‘International Herald Tribune’ Names Wells Editor


(AP) The International Herald Tribune named Walter Wells as its new top editor Monday, putting the former Tribune managing editor and New York Times veteran in charge temporarily as the Times assumes full control of the newspaper from The Washington Post.

Wells replaces executive editor David Ignatius, a former Washington Post editor who is returning to the Post to write Op-Ed columns.

The shake-up follows The New York Times Co.’s announcement in October that it was buying The Washington Post Co.’s stake in the English-language newspaper. Before the deal, which is expected to close by year’s end or early 2003, the Times and Post had each owned 50%.

The parting was acrimonious, however, with the Post suggesting in a memo that it had been strong-armed into the deal after the Times threatened to start a competitor to the Tribune. Ignatius was also quoted as expressing concerns about the new ownership.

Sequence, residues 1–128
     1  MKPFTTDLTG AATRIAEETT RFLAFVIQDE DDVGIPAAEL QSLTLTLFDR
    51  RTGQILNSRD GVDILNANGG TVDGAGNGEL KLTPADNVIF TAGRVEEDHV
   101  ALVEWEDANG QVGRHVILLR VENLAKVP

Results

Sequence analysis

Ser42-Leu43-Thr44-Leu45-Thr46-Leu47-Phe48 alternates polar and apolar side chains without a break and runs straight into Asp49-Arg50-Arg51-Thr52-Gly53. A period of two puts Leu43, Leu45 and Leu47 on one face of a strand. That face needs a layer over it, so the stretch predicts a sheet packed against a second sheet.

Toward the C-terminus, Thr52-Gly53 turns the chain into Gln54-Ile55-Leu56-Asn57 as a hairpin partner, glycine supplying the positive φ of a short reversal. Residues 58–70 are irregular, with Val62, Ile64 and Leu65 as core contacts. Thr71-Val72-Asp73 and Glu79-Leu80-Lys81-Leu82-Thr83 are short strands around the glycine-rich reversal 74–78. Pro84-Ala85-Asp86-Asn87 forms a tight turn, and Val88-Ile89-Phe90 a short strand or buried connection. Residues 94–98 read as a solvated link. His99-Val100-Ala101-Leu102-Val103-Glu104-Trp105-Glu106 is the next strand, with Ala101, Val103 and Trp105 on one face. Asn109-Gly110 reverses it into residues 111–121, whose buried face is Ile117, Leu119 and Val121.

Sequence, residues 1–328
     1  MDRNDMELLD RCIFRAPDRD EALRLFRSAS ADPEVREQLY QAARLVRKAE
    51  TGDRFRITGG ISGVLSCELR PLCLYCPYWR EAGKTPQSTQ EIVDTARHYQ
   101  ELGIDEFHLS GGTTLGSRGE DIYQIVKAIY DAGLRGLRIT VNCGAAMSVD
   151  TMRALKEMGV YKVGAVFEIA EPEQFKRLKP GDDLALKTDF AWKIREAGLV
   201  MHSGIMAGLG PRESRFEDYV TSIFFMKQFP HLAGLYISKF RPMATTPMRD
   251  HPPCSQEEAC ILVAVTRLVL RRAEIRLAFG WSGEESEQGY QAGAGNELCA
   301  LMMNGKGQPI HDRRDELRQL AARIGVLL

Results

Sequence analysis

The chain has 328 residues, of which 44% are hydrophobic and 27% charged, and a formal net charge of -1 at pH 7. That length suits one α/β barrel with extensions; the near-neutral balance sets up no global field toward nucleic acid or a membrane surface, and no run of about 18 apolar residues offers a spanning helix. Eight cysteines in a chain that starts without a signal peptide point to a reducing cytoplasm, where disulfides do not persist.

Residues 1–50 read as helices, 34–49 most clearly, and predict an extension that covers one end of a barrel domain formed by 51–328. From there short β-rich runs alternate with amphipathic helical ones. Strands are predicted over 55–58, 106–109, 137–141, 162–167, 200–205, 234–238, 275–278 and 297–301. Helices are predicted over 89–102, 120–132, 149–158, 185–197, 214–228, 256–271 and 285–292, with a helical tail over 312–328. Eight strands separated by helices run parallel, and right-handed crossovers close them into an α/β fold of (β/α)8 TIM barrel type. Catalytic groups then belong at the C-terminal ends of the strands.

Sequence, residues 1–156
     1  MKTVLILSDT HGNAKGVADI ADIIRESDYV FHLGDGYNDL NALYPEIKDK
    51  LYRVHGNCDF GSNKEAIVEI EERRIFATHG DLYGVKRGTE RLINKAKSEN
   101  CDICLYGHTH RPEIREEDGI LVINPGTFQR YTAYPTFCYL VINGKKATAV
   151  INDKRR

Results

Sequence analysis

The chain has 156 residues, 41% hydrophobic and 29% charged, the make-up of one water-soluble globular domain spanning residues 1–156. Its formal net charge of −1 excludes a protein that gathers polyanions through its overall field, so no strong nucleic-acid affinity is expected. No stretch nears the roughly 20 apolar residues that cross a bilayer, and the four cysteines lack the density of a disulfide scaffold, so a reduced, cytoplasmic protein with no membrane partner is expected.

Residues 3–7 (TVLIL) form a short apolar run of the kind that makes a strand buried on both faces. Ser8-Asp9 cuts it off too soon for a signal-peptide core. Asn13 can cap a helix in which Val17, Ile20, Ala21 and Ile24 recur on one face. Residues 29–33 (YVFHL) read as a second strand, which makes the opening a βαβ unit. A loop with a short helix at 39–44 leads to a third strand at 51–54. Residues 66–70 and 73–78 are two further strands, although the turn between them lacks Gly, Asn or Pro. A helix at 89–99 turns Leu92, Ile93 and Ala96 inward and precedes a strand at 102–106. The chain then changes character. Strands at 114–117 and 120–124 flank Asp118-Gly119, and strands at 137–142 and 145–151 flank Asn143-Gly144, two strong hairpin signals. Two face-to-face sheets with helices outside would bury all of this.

Wells, 59, will become a consulting editor while the deal is completed, and assume the title of acting managing editor upon completion of the deal. A Times spokeswoman said the appointment was not permanent, but more specifics were not available.

Wells, a one-time assistant national editor at the Times, spent 21 years at the Tribune before leaving in 2001. He has spent the last year helping his wife, cookbook author Patricia Wells, with her business.

Ignatius, 52, will return to the Post as an associate editor and twice-weekly columnist for its Op-Ed page. He has been the Tribune‘s executive editor since 2000. Before that he was an editor at the Post and a reporter at The Wall Street Journal.

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